About Cleveland Clinic

Cleveland Clinic is a nonprofit multispecialty academic medical center that integrates clinical and hospital care with research and education. Located in Cleveland, Ohio, it was founded in 1921 by four renowned physicians with a vision of providing outstanding patient care based upon the principles of cooperation, compassion and innovation. Cleveland Clinic has pioneered many medical breakthroughs, including coronary artery bypass surgery and the first face transplant in the United States. U.S. News & World Report consistently names Cleveland Clinic as one of the nation's best hospitals in its annual "America's Best Hospitals" survey. Among Cleveland Clinic's 51,000 employees are more than 3,500 full-time salaried physicians and researchers and 14,000 nurses, representing 140 medical specialties and subspecialties. Cleveland Clinic's health system includes a 165-acre main campus near downtown Cleveland, 10 regional hospitals, more than 150 northern Ohio outpatient locations - including 18 full-service family health centers and three health and wellness centers - and locations in Weston, Fla.; Las Vegas, Nev.; Toronto, Canada; Abu Dhabi, UAE; and London, England. In 2016, there were 7.1 million outpatient visits, 161,674 hospital admissions and 207,610 surgical cases throughout Cleveland Clinic's health system. Patients came for treatment from every state and 180 countries. Visit us at clevelandclinic.org. Follow us at twitter.com/ClevelandClinic.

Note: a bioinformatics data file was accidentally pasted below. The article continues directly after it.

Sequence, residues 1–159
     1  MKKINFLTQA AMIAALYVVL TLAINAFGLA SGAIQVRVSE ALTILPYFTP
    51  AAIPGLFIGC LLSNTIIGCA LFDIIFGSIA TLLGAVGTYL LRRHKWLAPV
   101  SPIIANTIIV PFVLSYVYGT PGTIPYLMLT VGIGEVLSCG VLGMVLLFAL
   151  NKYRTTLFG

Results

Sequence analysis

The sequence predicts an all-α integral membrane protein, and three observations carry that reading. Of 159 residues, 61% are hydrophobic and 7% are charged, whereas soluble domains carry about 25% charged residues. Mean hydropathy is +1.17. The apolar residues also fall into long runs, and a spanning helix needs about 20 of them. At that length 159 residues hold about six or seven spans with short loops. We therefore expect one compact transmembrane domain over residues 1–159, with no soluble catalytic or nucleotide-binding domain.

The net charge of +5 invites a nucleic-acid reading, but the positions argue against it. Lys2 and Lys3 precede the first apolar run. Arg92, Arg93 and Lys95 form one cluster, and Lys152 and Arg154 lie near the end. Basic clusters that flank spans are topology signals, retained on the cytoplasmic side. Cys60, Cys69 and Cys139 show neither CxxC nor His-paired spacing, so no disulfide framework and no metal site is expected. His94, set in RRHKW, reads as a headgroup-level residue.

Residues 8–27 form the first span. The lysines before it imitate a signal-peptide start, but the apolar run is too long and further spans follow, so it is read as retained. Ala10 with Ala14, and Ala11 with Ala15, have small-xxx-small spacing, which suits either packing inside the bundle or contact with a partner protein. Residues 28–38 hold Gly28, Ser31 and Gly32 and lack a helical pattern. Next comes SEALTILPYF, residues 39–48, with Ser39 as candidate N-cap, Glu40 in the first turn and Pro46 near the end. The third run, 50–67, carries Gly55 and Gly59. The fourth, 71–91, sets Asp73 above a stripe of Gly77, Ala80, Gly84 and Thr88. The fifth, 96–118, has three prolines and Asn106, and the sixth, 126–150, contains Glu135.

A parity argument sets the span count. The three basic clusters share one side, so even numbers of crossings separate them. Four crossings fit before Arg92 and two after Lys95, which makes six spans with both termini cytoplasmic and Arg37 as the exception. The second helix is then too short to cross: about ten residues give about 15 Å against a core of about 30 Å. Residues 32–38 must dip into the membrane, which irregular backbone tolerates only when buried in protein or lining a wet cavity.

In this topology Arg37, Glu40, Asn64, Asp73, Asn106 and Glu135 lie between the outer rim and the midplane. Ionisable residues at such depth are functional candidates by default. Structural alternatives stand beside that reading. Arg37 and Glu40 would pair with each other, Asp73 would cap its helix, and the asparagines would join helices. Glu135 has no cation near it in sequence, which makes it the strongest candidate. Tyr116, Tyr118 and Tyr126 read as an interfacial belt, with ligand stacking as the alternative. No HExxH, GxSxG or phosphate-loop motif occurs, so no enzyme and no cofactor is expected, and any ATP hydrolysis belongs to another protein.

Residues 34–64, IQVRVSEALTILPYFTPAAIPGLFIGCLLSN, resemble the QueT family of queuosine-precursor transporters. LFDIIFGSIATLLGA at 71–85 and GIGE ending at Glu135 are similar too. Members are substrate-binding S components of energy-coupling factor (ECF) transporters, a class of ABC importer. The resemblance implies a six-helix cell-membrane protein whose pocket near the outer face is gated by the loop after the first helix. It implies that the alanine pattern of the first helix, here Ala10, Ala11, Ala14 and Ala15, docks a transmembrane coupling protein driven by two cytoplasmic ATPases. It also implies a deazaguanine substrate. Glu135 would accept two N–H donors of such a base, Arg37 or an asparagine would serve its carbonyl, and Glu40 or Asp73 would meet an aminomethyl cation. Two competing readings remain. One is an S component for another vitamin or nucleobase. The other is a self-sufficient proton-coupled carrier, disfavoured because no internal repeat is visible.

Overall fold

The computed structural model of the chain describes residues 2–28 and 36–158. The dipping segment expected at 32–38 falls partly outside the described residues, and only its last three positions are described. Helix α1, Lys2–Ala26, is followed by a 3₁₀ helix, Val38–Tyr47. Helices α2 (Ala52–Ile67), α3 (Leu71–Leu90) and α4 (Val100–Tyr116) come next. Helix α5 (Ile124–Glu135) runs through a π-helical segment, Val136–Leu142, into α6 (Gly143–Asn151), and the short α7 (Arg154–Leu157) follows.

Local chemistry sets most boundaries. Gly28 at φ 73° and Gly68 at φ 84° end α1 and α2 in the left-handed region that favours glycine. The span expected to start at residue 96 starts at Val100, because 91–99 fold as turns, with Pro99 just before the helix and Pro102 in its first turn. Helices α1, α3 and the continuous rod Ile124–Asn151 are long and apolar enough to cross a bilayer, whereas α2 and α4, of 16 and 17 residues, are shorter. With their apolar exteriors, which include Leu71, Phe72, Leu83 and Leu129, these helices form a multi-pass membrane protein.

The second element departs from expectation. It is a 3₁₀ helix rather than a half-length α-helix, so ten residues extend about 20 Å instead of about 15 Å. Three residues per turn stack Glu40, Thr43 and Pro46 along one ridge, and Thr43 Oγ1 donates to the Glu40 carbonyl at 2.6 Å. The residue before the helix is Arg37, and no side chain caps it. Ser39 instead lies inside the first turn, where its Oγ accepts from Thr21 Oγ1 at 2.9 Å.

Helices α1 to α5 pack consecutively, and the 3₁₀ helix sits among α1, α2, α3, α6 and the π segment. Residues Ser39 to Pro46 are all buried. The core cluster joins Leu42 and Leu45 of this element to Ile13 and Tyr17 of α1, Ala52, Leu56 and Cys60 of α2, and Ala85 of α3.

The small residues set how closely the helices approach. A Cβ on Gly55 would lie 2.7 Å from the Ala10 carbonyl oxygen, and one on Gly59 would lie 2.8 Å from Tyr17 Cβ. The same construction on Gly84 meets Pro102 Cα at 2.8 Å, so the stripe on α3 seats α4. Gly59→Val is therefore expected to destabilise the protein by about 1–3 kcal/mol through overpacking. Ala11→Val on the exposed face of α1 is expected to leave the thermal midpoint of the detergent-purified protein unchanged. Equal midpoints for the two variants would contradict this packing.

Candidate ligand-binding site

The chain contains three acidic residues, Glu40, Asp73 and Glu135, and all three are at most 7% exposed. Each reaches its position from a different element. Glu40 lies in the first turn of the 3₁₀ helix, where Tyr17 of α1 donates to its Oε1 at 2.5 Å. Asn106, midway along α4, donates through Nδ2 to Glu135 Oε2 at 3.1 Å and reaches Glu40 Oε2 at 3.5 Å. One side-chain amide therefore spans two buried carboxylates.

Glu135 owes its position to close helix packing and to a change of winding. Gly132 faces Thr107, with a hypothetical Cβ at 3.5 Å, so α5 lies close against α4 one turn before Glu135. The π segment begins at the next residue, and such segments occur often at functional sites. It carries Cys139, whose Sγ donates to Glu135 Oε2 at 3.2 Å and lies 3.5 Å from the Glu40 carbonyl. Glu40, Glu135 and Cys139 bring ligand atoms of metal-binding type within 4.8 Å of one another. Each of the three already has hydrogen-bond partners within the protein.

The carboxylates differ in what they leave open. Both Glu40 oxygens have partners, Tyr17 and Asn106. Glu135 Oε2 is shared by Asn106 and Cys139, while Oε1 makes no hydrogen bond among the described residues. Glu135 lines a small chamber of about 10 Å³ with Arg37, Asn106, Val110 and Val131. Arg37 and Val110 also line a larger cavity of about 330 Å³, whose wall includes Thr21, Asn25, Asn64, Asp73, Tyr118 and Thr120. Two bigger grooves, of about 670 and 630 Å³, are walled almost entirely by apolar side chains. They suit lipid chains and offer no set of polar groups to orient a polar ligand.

Editor's Note: Cleveland Clinic News Service is available to provide broadcast-quality interviews and B-roll upon request.

About the Lerner Research Institute